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International Journal of Endocrinology
Volume 2013 (2013), Article ID 285680, 9 pages
http://dx.doi.org/10.1155/2013/285680
Clinical Study

How to Estimate Fat Mass in Overweight and Obese Subjects

1Medical Physiopathology, Food Science and Endocrinology Section, Food Science and Human Nutrition Research Unit, Experimental Medicine Department, Sapienza University of Rome, 00185 Rome, Italy
2Section of Human Nutrition and Dietetics, Endocrinology and Nutrition Unit, Department of Applied Health Sciences, Faculty of Medicine, University of Pavia, ASP, 27100 Pavia, Italy

Received 20 February 2013; Accepted 18 March 2013

Academic Editor: Felice Strollo

Copyright © 2013 Lorenzo Maria Donini et al. This is an open access article distributed under the Creative Commons Attribution License, which permits unrestricted use, distribution, and reproduction in any medium, provided the original work is properly cited.

Abstract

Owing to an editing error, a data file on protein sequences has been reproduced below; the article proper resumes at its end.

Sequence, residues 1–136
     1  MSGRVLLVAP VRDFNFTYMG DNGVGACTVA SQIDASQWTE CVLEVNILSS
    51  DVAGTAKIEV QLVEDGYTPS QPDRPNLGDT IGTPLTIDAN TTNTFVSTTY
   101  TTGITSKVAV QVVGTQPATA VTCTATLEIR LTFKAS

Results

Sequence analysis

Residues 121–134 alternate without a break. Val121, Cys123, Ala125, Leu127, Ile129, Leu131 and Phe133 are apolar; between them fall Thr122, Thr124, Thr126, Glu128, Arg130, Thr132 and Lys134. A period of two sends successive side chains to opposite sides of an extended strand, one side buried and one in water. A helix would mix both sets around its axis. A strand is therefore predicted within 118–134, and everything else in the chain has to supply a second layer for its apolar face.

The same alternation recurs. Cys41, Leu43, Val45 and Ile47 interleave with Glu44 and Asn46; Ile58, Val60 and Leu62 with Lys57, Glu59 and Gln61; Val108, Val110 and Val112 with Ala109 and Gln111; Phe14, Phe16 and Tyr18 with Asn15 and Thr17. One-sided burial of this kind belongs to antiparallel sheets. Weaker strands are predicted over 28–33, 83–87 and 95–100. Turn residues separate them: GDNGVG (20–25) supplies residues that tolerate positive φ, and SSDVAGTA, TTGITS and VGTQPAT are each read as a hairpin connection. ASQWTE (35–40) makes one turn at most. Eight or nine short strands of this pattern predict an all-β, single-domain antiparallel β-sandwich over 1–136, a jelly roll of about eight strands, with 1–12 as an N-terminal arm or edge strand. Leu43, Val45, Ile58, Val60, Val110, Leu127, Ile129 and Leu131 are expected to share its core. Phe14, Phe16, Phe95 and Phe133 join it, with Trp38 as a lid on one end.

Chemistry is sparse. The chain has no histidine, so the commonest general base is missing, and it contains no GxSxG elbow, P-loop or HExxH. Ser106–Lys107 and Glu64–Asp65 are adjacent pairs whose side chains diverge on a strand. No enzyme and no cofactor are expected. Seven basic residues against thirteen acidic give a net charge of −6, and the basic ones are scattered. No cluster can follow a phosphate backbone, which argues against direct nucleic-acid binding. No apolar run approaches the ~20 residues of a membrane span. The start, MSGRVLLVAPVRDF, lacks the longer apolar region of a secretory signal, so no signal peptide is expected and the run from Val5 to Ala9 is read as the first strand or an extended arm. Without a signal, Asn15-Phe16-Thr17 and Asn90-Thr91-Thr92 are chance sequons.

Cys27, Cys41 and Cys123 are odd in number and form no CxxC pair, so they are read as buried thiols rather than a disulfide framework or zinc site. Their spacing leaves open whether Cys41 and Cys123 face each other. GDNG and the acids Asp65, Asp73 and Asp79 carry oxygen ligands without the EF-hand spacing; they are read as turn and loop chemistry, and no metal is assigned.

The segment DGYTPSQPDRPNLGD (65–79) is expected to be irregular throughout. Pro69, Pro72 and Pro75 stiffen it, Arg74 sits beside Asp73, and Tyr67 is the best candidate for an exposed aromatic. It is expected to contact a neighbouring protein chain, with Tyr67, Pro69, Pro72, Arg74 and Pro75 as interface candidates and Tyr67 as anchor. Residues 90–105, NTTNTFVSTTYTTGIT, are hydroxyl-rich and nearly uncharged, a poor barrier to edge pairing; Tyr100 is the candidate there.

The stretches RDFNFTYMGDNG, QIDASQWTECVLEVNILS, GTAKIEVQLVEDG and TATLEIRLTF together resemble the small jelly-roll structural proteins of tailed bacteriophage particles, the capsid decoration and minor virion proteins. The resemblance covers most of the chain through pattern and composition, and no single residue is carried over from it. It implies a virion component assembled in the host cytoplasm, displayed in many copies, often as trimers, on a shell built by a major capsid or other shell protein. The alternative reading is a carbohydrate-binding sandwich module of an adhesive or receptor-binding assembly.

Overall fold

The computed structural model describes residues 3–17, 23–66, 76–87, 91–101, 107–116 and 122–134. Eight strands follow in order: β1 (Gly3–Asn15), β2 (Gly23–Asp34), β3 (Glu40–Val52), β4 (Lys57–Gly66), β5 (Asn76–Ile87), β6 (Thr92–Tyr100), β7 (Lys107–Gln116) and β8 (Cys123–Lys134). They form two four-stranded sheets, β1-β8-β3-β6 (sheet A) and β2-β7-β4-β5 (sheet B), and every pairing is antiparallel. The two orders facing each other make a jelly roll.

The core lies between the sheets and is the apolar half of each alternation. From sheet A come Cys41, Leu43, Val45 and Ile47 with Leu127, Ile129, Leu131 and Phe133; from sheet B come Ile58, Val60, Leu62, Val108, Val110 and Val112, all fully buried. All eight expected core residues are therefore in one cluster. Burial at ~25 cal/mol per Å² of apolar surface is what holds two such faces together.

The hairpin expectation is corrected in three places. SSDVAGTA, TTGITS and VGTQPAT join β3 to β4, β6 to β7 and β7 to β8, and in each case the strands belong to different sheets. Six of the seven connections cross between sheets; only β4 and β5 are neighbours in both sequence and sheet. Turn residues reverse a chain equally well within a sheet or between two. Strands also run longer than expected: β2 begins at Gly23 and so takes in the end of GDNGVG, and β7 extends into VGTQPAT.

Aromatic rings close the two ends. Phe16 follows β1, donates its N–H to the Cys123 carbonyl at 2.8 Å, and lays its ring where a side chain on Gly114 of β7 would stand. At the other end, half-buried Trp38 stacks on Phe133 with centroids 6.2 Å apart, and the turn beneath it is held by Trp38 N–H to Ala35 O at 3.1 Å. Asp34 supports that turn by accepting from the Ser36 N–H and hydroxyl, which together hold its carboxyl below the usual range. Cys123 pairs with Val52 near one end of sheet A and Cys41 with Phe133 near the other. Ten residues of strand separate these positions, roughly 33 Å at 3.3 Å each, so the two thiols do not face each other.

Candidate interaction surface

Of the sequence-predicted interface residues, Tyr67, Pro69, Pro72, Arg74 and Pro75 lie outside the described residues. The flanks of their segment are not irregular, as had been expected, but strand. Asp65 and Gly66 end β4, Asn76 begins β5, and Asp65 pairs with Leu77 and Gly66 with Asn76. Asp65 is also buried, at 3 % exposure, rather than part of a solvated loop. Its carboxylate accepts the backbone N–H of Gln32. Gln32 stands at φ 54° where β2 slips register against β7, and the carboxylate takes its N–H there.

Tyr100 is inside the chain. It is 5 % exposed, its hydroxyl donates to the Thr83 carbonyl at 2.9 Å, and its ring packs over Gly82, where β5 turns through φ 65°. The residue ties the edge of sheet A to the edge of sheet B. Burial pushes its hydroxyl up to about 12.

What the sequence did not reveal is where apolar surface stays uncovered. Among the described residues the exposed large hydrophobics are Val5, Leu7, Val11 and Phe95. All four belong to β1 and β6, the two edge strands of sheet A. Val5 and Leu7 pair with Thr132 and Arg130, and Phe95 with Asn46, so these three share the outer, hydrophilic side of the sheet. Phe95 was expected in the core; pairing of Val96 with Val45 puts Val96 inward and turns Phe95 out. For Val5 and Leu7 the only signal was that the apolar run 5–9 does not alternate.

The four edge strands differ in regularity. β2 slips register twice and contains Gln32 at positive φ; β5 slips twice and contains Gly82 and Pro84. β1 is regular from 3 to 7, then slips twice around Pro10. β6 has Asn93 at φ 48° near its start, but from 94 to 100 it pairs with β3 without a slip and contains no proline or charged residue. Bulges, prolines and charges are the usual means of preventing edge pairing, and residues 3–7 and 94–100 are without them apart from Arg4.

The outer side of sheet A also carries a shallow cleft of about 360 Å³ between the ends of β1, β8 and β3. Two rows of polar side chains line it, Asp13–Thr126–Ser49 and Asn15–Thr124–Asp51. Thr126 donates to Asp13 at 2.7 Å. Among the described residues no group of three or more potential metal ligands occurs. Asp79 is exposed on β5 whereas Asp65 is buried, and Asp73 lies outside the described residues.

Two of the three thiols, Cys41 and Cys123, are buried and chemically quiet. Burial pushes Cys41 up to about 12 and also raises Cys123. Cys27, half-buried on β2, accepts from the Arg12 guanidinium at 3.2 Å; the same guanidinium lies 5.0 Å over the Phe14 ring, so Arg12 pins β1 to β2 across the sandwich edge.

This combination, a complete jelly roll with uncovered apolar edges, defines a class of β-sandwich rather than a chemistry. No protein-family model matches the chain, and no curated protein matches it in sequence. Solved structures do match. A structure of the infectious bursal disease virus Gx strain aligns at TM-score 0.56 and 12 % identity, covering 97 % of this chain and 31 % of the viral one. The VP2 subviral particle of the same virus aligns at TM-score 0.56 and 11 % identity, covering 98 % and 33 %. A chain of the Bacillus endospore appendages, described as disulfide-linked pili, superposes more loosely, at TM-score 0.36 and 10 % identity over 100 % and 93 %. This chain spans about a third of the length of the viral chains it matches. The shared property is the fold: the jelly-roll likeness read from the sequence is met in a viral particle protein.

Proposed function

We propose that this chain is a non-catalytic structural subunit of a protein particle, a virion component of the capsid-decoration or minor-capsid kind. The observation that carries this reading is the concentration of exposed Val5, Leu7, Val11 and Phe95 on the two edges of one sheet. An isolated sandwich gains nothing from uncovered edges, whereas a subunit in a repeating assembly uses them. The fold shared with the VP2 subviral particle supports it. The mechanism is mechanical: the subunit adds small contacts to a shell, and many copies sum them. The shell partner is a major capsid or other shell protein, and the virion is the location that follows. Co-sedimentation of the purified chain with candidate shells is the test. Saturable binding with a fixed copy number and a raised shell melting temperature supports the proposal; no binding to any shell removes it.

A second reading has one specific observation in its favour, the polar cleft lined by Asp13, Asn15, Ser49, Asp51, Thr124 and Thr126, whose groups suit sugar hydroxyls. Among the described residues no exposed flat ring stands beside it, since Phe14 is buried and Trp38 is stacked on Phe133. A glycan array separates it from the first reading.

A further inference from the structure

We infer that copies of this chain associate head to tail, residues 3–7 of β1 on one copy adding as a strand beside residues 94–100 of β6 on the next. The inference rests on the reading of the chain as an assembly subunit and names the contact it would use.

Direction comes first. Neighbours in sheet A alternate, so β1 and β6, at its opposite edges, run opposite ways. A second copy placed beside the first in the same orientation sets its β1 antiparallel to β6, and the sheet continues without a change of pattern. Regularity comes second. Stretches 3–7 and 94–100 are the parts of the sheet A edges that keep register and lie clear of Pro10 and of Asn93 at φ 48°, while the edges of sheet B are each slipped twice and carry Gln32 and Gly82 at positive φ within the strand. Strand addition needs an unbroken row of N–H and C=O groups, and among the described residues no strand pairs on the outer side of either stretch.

Background. The prevalence of overweight and obesity is increasing and represents a primary health concern. Body composition evaluation is rarely performed in overweight/obese subjects, and the diagnosis is almost always achieved just considering body mass index (BMI). In fact, whereas BMI can be considered an important tool in epidemiological surveys, different papers stated the limitations of the use of BMI in single individuals. Aim. To assess the determinants of body composition in overweight and obese subjects. Methods. In 103 overweight or obese subjects (74 women, aged 41.5 ± 10 years, and 29 men, aged 43.8 ± 8 years), a multidimensional evaluation was performed including the assessment of body composition using Dual Energy X-Ray Absorptiometry (DXA), anthropometry, bioimpedance analysis (BIA), and biochemical parameters (total cholesterol, triacylglycerol, HDL- and LDL-cholesterol, free fatty acids and glycerol, glucose, insulin, C-reactive protein, plasma acylated and unacylated ghrelin, adiponectin, and leptin serum levels). Results. BMI does not represent the main predictor of FM estimated by DXA; FM from BIA and hip circumference showed a better association with FM from DXA. Moreover, models omitting BMI explained a greater part of variance. These data are confirmed by the predictive value analysis where BMI showed a performance similar to a “coin flip.”